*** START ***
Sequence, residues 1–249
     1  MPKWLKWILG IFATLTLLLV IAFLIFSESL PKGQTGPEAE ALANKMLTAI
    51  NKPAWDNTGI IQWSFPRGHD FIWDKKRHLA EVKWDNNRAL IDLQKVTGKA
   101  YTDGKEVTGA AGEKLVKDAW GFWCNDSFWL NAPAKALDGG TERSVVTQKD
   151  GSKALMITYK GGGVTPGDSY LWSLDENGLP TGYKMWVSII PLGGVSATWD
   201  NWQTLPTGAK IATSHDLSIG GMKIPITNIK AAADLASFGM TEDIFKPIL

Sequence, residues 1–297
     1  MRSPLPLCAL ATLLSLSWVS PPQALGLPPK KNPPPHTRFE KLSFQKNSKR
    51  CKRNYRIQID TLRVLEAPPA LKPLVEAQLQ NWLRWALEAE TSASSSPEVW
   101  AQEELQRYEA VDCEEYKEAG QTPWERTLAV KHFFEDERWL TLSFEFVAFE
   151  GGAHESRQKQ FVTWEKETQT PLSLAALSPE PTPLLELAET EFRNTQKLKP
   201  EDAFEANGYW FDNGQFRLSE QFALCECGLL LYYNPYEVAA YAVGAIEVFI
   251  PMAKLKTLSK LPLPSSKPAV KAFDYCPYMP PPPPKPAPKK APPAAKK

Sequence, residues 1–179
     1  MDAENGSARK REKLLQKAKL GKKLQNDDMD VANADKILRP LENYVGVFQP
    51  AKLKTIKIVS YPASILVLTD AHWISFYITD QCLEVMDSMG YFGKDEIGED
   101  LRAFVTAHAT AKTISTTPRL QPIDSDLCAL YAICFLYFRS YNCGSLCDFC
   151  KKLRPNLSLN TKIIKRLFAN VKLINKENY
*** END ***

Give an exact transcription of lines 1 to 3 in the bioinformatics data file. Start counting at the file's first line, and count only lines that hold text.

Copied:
Sequence, residues 1–249
     1  MPKWLKWILG IFATLTLLLV IAFLIFSESL PKGQTGPEAE ALANKMLTAI
    51  NKPAWDNTGI IQWSFPRGHD FIWDKKRHLA EVKWDNNRAL IDLQKVTGKA